In infrastructure, the needs are huge and governments are having to turn more and more financing over to the private sector. But politics remain the biggest risk as regime change can lead to changes in regulation or retroactive attempts to change contract terms to the disadvantage of investors. Commodities are volatile investments on their own, but have a very low correlation with more mainstream investment assets—and a negative correlation with equities. Their high correlation with inflation makes them a good hedge against liability inflation risk. Despite recent volatility, the long-term outlook for commodities markets is bullish as long-term demand growth in huge emerging economies like China and India confronts supply constraints resulting from underinvestment in the 1990s. By definition, average value added from security selection in the S&P 500 is zero. In private capital, that may be true as well, but the payoff from first quartile security selection is higher. Any excess value created is probably largely a return on operational risk that doesn’t exist with publicly listed securities. <p>Another factor that looms larger with private capital than with public securities is the need to focus on returns after fees. Standard private capital fees of 2% of assets and 20% of profits over about 8% require very high manager skill levels. They likely will not be sustainable for investments in steady, lower-return assets like infrastructure unless returns are leveraged by taking on debt. CHALLENGES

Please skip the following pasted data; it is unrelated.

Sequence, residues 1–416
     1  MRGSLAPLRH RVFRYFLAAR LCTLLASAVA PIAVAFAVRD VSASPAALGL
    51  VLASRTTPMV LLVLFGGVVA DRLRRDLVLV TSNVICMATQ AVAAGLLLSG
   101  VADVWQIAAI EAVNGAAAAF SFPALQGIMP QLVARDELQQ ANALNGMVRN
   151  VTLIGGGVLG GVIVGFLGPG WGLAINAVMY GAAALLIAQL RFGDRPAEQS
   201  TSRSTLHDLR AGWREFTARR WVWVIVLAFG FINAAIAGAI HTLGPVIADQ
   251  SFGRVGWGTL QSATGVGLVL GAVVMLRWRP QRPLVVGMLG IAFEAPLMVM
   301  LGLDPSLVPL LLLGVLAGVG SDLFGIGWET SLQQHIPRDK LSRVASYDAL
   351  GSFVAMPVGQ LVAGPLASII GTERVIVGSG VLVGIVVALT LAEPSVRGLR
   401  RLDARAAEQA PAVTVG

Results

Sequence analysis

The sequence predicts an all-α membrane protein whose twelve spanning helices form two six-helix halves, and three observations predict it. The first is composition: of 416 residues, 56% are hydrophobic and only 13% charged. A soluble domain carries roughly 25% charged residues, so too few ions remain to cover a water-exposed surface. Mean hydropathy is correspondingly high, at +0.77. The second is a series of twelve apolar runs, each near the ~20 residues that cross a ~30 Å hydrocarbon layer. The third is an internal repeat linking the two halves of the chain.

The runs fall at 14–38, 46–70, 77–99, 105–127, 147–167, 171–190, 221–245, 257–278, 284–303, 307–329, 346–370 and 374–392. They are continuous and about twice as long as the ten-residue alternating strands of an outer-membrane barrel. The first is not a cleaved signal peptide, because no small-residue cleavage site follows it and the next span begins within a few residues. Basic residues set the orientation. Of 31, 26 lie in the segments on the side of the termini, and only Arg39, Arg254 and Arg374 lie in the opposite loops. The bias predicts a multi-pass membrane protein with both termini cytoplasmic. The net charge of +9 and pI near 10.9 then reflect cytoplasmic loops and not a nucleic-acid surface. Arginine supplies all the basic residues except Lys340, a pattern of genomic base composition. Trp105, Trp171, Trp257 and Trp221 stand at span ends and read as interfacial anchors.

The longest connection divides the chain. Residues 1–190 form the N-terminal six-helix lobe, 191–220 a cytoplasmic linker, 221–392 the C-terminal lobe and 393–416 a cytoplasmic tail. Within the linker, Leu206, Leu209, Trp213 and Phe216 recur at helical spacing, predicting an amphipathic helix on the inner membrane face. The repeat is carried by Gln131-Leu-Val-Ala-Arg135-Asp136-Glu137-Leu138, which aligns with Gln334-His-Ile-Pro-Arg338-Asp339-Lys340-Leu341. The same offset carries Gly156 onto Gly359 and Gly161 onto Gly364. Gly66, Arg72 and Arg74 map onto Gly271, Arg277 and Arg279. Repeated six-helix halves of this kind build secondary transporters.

Experience at the vast majority of retirement plans has been largely limited to stocks and bonds. That experience does not prepare them for investing in alternatives. So, the first rule of alternative investments is the same as for any other investment: don’t buy what you don’t understand. Due diligence has to be more thorough than with traditional assets to build confidence that any additional risk will have incremental returns. In portfolio optimization studies, alternative asset risk measures should be adjusted upward for low apparent volatility(because of less frequent pricing)so that they can be compared to listed security risk. Managing alternative investments requires different skills than managing a portfolio of stocks and bonds. Because private capital investments bring operational risk, investors need to feel comfortable taking an active role in decisions about tax and capital structures, management changes and mergers, among other things. Expertise in those areas is not necessarily the same as that required for traditional portfolio management.A lack of understanding(along with a sense of urgency among institutional investors about being invested in such assets) may help explain the recent rich valuations in many alternative asset markets that may not fully reflect the risks. The return premiums that are supposed to be available to early movers are already getting harder to capture. The popularity of real estate has virtually eliminated any illiquidity premium in that market. Infrastructure valuations have also become “frothy,” although the long pipeline of developments means there will be plenty more opportunities in years to come. Even timberland returns have been coming down as investors pile in. Opportunities among alternative assets still exist; this “irrational exuberance” simply highlights the need for a thorough understanding of risk and fair value to avoid being caught up in the euphoria.Alternative assets are not a panacea for matching to long-term liabilities. While publicly traded stocks and bonds will still constitute the biggest chunk of most retirement plan assets, alternatives can be a helpful source of diversification and incremental return. If you can cover off the operational and risk management issues, the case for alternatives can be compelling. They have strong similarities with longterm retirement liabilities and plan sponsors are able to provide the large, long-term capital pools required for these investments.Leo de Bever is the executive vice-president of MFC Global Investment Management.